GSA responds that while its preliminary discussions with the IRS indicated that the IRS desired contiguous space, GSA determined that such a requirement would be so difficult to satisfy in the Beaumont market that it would unduly limit competition.
In order to enhance competition, an agreement was reached with the IRS under which GSA would solicit 9,860 and 4,860 square feet, respectively, on adjacent floors of the same building. Further, GSA points out that BZA's existing space did not, as alleged by Golden Triangle, conform precisely to the solicitation specifications; each of the floors in BZA's building contained 14,300 square feet, and none of the floors, therefore, conformed exactly to the solicitation's specified space configuration for the IRS.
We find nothing improper in the agency's decision to solicit space on adjacent floors. GSA took this step, the record clearly shows, not to confer some advantage on BZA or other offerors, but solely to assure that there would be competition for the requirement. In so doing, GSA essentially determined that while IRS might prefer space on a single floor, this preference in fact was not part of the government's minimum needs such that limiting competition to Golden Triangle, the incumbent, was justified. Agency actions such as this, taken to enhance competition, generally are unobjectionable. See, e.g., General Motors Corp., Allison Gas Turbine Div., B-231733, Sept. 16, 1988, 88-2 CPD Para. 262.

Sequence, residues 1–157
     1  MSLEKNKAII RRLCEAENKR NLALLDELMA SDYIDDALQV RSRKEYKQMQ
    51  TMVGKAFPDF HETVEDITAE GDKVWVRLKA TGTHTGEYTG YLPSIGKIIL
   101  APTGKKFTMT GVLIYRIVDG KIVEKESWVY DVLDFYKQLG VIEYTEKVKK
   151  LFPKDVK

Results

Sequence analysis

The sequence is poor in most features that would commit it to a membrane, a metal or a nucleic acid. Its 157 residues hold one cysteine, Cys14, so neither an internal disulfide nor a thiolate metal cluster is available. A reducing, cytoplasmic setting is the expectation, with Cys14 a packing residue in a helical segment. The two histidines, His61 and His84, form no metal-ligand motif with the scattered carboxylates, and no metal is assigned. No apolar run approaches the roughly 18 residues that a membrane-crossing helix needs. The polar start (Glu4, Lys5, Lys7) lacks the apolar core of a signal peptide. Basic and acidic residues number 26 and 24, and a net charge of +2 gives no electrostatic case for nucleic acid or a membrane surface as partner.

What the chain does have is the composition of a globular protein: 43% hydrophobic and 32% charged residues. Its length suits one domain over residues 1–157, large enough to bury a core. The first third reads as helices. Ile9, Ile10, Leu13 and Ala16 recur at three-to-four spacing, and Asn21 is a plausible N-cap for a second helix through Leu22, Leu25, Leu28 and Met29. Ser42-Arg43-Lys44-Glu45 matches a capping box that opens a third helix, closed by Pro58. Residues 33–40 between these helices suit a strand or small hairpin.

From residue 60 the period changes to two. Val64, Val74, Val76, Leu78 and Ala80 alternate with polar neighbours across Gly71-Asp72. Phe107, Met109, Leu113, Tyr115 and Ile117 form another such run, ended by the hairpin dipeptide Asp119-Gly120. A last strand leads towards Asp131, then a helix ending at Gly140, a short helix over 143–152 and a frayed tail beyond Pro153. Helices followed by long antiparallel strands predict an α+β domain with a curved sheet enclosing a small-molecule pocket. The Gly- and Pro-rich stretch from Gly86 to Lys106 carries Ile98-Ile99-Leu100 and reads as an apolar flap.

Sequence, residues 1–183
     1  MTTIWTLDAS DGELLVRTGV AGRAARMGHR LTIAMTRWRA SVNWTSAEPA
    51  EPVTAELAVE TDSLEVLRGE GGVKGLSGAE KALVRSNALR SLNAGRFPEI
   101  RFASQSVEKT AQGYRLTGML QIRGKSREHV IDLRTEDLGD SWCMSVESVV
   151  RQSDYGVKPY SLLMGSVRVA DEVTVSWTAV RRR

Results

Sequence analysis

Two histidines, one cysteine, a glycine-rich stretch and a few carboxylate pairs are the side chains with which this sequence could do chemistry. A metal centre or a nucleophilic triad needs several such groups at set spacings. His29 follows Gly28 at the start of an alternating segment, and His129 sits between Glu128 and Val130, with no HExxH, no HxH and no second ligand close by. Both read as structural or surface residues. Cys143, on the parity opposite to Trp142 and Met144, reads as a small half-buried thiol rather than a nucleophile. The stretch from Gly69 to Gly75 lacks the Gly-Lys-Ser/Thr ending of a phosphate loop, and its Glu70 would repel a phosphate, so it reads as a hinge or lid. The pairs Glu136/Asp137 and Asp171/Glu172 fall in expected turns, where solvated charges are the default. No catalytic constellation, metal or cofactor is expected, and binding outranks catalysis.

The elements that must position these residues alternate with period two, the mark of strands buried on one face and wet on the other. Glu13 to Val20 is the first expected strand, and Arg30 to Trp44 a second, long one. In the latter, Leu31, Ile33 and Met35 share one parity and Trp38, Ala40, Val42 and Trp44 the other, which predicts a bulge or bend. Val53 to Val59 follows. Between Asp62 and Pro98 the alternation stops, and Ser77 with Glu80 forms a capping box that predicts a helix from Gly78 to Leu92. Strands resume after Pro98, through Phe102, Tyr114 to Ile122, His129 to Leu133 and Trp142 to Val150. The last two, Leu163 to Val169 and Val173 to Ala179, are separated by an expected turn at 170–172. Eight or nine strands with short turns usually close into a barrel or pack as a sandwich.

Golden Triangle further asserts, however, that tailoring the specifications to favor BZA was only one part of an overall pattern, aimed at steering the award to that firm, that constituted bad faith on the part of GSA. In order to show bad faith, a protester must submit evidence that the contracting agency acted with specific and malicious intent to injure the protester. Marlow Servs., Inc., B-229990.3, Apr. 19, 1989, 89-1 CPD Para. 388. Using that standard, we find no evidence in the record to support the protester's contention.